“Damn right, I could,” said Lennie. “You God damn right I could.” George’s hands stopped working with the cards. His voice was growingwarmer. “An’ we could have a few pigs. I could build a smoke house like theone gran’pa had, an’ when we kill a pig we can smoke the bacon and the hams,and make sausage an’ all like that. An’ when the salmon run up river we couldcatch a hundred of ‘em an’ salt ‘em down or smoke ‘em. We could have themfor breakfast. They ain’t nothing so nice as smoked salmon. When the fruitcome in we could can it—and tomatoes, they’re easy to can. Ever’ Sunday we’dkill a chicken or a rabbit. Maybe we’d have a cow or a goat, and the cream is soGod damn thick you got to cut it with a knife and take it out with a spoon.” Lennie watched him with wide eyes, and old Candy watched him too. Lenniesaid softly, “We could live offa the fatta the lan’.” “Sure,” said George. “All kin’s a vegetables in the garden, and if we want alittle whisky we can sell a few eggs or something, or some milk. We’d jus’ livethere. We’d belong there. There wouldn’t be no more runnin’ round the countryand gettin’ fed by a Jap cook. No, sir, we’d have our own place where webelonged and not sleep in no bunk house.” “Tell about the house, George,” Lennie begged. “Sure, we’d have a little house an’ a room to ourself. Little fat iron stove, an’in the winter we’d keep a fire goin’ in it. It ain’t enough land so we’d have towork too hard. Maybe six, seven hours a day. We wouldn’t have to buck nobarley eleven hours a day. An’ when we put in a crop, why, we’d be there totake the crop up. We’d know what come of our planting.” “An’ rabbits,” Lennie said eagerly. “An’ I’d take care of ‘em. Tell how I’d dothat, George.” “Sure, you’d go out in the alfalfa patch an’ you’d have a sack. You’d fill upthe sack and bring it in an’ put it in the rabbit cages.” “They’d nibble an’ they’d nibble,” said Lennie, “the way they do. I seen‘em.” “Ever’ six weeks or so,” George continued, “them does would throw a litterso we’d have plenty rabbits to eat an’ to sell. An’ we’d keep a few pigeons to goflyin’ around the win’mill like they done when I was a kid.” He looked raptly atthe wall over Lennie’s head. “An’ it’d be our own, an’ nobody could can us. Ifwe don’t like a guy we can say, ‘Get the hell out,’ and by God he’s got to do it.An’ if a fren’ come along, why we’d have an extra bunk, an’ we’d say, ‘Whydon’t you spen’ the night?’ an’ by God he would. We’d have a setter dog and acouple stripe cats, but you gotta watch out them cats don’t get the little rabbits.” Lennie breathed hard. “You jus’ let ‘em try to get the rabbits. I’ll break theirGod damn necks. I’ll . . . . I’ll smash ‘em with a stick.” He subsided, grumblingto himself, threatening the future cats which might dare to disturb the futurerabbits. George sat entranced with his own picture. When Candy spoke they both jumped as though they had been caught doingsomething reprehensible. Candy said, “You know where’s a place like that?” George was on guard immediately. “S’pose I do,” he said. “What’s that toyou?” “You don’t need to tell me where it’s at. Might be any place.” “Sure,” said George. “That’s right. You couldn’t find it in a hundred years.” Candy went on excitedly, “How much they want for a place like that?” George watched him suspiciously. “Well—I could get it for six hundredbucks. The ol’ people that owns it is flat bust an’ the ol’ lady needs anoperation. Say—what’s it to you? You got nothing to do with us.” Candy said, “I ain’t much good with on’y one hand. I lost my hand right here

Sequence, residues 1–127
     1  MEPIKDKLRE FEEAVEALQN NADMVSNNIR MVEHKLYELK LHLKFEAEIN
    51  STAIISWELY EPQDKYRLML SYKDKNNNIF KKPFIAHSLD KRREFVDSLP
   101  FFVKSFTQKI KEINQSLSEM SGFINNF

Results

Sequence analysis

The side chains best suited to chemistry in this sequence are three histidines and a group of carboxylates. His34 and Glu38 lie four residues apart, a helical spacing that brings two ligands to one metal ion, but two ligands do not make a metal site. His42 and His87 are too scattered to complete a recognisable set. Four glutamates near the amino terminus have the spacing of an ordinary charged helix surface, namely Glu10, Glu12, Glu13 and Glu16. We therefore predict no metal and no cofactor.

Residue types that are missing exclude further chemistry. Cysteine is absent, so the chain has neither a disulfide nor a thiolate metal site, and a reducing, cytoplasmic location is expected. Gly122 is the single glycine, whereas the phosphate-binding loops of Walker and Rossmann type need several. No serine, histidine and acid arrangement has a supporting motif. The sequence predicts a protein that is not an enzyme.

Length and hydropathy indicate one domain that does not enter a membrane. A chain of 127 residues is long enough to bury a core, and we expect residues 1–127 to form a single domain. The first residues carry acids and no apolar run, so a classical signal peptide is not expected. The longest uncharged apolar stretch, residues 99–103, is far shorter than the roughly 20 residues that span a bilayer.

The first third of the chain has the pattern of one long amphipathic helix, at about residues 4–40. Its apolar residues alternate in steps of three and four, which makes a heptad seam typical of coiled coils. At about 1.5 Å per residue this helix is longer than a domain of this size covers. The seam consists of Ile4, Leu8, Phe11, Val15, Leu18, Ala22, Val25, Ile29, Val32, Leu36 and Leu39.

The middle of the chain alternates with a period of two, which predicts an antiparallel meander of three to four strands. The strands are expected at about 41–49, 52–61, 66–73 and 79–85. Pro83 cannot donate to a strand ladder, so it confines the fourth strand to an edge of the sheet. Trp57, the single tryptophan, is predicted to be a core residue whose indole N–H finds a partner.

on this ranch. That’s why they give me a job swampin’. An’ they give me twohunderd an’ fifty dollars ‘cause I los’ my hand. An’ I got fifty more saved upright in the bank, right now. Tha’s three hunderd, and I got fifty more comin’the end a the month. Tell you what—” He leaned forward eagerly. “S’pose Iwent in with you guys. Tha’s three hunderd an’ fifty bucks I’d put in. I ain’tmuch good, but I could cook and tend the chickens and hoe the garden some.How’d that be?” George half-closed his eyes. “I gotta think about that. We was always gonnado it by ourselves.” Candy interrupted him, “I’d make a will an’ leave my share to you guys incase I kick off, ‘cause I ain’t got no relatives nor nothing. You guys got anymoney? Maybe we could do her right now?” George spat on the floor disgustedly. “We got ten bucks between us.” Thenhe said thoughtfully, “Look, if me an’ Lennie work a month an’ don’t spen’nothing, we’ll have a hunderd bucks. That’d be four fifty. I bet we could swingher for that. Then you an’ Lennie could go get her started an’ I’d get a job an’make up the res’, an’ you could sell eggs an’ stuff like that.” They fell into a silence. They looked at one another, amazed. This thing theyhad never really believed in was coming true. George said reverently, “JesusChrist! I bet we could swing her.” His eyes were full of wonder. “I bet we couldswing her,” he repeated softly. Candy sat on the edge of his bunk. He scratched the stump of his wristnervously. “I got hurt four year ago,” he said. “They’ll can me purty soon. Jus’as soon as I can’t swamp out no bunk houses they’ll put me on the county.Maybe if I give you guys my money, you’ll let me hoe in the garden even after Iain’t no good at it. An’ I’ll wash dishes an’ little chicken stuff like that. But I’llbe on our own place, an’ I’ll be let to work on our own place.” He saidmiserably, “You seen what they done to my dog tonight? They says he wasn’tno good to himself nor nobody else. When they can me here I wisht somebody’dshoot me. But they won’t do nothing like that. I won’t have no place to go, an’ Ican’t get no more jobs. I’ll have thirty dollars more comin’, time you guys isready to quit.” George stood up. “We’ll do her,” he said. “We’ll fix up that little old placean’ we’ll go live there.” He sat down again. They all sat still, all bemused by thebeauty of the thing, each mind was popped into the future when this lovely thingshould come about. George said wonderingly, “S’pose they was a carnival or a circus come totown, or a ball game, or any damn thing.” Old Candy nodded in appreciation ofthe idea. “We’d just go to her,” George said. “We wouldn’t ask nobody if wecould. Jus’ say, ‘We’ll go to her,’ an’ we would. Jus’ milk the cow and slingsome grain to the chickens an’ go to her.” “An’ put some grass to the rabbits,” Lennie broke in. “I wouldn’t neverforget to feed them. When we gon’ta do it, George?” “In one month. Right squack in one month. Know what I’m gon’ta do? I’mgon’ta write to them old people that owns the place that we’ll take it. An’Candy’ll send a hunderd dollars to bind her.” “Sure will,” said Candy. “They got a good stove there?” “Sure, got a nice stove, burns coal or wood.” “I’m gonna take my pup,” said Lennie. “I bet by Christ he likes it there, byJesus.” Voices were approaching from outside. George said quickly, “Don’t tellnobody about it. Jus’ us three an’ nobody else. They li’ble to can us so we can’tmake no stake. Jus’ go on like we was gonna buck barley the rest of our lives,